Anyone who takes proper care of their golf clubs knows that regripping is one of the most expensive maintenance costs involved in the game. Regripping can easily cost $10 or more per club, making it an off-putting procedure for the more casual golfer. The problem is, a deteriorated grip doesn’t actually help you grip the club properly in the first place. Even with routine care and cleaning, your grips will need replaced eventually. Know how to regrip golf clubs yourself can save you a lot of money over the life of your clubs.

How Long Should My Grips Last?

Grips can be made from all sorts of materials, but they experience a lot of wear & tear throughout the course of a game (let alone a whole season of play). And, beyond the course, grips are sensitive to high heat, dirt, and residue from your hands. As a result, even players who only hit the links every once in a while need to regrip their clubs. These players might be able to get away with regripping every 18 to 24 months. However, if you play more than weekly during the summer, it’s wise to regrip your clubs every year.

Remember, even when you’re not on the course, destructive oils and exposure to the elements are deteriorating the sensitive materials in your grips. This is a good reason never to handle your clubs without a glove on!

How to Regrip Golf Clubs Yourself

So if you, like many golfers, are deterred by the high cost of regripping your whole set every year, you’ll just new to invest in a few simple to get yourself started:

  • A utility knife
  • A regripping kit – This includes the appropriate adhesives and chemicals, along with a rubber vice to hold your clubs in place.
  • A hook blade (this helps you take off the old grips)
  • Your preferred grips
  • Towels and paint liner for your work surface

1 – Take off the Old Grips

Your new hook blade is your best tool for taking off those old grips. Slide the hook up under the grip where it meets your club, then make one long cut all the way along the grip. The grip will pull off with ease once you’ve loosened it up enough. Just be careful to do this with the blade facing away from your body!

2 – Take off the Old Tape

This part is a little trickier. You’re going to use your utility knife to shave off the tape around the shaft under the old grip. Steel will be fine and won’t be affected by your knife, but if you have a graphite shaft, you’ll want to avoid using a knife. In this case, you can warm up the tape with a hot blow dryer to loosen up the tape enough to remove by hand. This can take some time, but you don’t want to scratch up the sensitive graphite in your expensive clubs.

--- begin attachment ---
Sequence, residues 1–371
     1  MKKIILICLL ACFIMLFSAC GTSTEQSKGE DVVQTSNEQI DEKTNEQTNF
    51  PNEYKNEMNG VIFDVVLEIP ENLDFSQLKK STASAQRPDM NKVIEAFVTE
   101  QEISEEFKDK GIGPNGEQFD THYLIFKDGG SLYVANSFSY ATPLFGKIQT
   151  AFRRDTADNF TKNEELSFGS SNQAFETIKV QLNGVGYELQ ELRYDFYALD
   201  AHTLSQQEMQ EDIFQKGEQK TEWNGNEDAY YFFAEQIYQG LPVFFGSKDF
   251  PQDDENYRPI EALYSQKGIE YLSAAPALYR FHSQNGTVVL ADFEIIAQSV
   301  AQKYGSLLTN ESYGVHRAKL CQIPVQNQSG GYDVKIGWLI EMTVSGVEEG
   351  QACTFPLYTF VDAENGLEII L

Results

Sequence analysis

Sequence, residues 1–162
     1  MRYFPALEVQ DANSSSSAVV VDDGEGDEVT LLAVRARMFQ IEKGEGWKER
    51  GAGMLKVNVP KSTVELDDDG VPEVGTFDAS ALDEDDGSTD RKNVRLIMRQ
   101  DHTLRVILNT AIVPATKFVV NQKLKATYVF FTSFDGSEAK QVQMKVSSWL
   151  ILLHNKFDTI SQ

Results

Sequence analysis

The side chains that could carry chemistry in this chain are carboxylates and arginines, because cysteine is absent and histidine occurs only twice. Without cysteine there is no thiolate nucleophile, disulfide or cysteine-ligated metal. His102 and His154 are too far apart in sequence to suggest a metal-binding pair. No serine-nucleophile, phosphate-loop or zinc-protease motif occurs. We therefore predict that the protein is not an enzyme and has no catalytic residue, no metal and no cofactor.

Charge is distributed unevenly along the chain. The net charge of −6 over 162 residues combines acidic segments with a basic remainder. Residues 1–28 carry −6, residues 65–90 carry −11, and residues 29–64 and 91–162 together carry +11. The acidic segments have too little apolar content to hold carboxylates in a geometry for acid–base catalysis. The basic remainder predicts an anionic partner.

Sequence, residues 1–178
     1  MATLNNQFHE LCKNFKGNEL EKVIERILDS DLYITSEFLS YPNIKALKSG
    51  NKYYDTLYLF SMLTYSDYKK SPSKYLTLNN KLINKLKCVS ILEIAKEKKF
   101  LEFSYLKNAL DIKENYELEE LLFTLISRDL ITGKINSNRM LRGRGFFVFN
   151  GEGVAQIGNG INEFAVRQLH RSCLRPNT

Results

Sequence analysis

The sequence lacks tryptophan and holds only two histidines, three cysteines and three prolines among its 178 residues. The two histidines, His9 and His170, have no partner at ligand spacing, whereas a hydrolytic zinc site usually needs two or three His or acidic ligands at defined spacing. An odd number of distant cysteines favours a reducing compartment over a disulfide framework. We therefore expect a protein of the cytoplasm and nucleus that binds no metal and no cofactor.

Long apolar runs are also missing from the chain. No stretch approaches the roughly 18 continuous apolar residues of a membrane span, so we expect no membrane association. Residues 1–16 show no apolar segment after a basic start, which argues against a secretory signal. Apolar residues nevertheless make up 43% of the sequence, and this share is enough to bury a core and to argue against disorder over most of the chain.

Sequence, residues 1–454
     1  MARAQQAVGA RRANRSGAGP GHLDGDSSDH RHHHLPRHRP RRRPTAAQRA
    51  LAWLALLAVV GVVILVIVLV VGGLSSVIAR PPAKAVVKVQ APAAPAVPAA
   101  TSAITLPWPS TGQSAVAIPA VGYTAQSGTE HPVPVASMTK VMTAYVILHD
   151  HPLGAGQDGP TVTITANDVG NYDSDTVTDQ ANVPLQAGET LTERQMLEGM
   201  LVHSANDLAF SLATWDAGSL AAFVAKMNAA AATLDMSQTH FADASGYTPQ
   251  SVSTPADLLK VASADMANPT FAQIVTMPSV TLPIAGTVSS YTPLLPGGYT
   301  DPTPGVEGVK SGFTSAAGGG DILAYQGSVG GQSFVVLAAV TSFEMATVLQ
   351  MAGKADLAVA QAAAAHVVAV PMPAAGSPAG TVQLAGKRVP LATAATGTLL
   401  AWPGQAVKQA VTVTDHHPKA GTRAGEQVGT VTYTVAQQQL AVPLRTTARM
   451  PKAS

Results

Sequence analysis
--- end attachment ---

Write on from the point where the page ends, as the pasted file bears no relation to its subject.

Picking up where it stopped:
3 – Re-tape Your Clubs

Your double-sided grip tape can also be a little tricky to apply correctly.

Hold the new grip up to the end of your club to see how far down the tape should go. It’s OK for it to start a quarter inch or so above the bottom of the grip, so long as it covers most of the grip area. Tear off a strip of your tape and attach it long-ways to the end of your club (the opposite of how you’d tape a hockey stick). Use your palm to rub half side down flush against the shaft, and unpeel the adhesive backing from that half. Then do the same on the other half. Tear off the excess hanging off the end, and fold it down.

4 – Attaching the Grip Itself

Now, you have to be fast.


The next step should happen in as quick & seamless a motion as possible. If you take too long and the grip clings to the club before it slides all the way on, you’re going to be starting that club over. It may be wise to purchase a few spare grips if you haven’t done this before.

Set up your vice in advance, and firmly clamp your club into place. Make sure it’s nice and secure, as you may be using a fair amount of strength to get the grip attached firmly. This is also where it can be messy, so lay down that paint liner!


Get your grip solvent out of your kit, and drip some into the open end of the grip. Be sure to plug the top so it doesn’t leak out the small hole! Apply liberally- you should use a lot of grip solvent to ensure it’s well-coated on the inside, plug up the grip, and quickly shake it around. Drip any excess liquid out over the grip tape itself and spread it evenly across the surface of the tape.

Immediately slide the grip over the club and push, with as much strength as needed, to slide it all the way into place. The faster you get to this step after applying your solvent, the smoother this will go. So, lay out all of your equipment and practice through the motions before you actually try regripping- just like you might take a practice swing before your actual stroke!

While it may seem like a big task, knowing how to regrip your golf clubs at home can save you a lot of money over the whole lifespan of your clubs. Got any hot tips for DIY regripping? Drop us a comment and share your knowledge!

About the author

Jordan Edwards

Jordan is a golf lover and the founder of Cyber Caddie. When he’s not on the green, you can find him wishing that he was – Fortunately he’s happy to just chat about it here until the next time.

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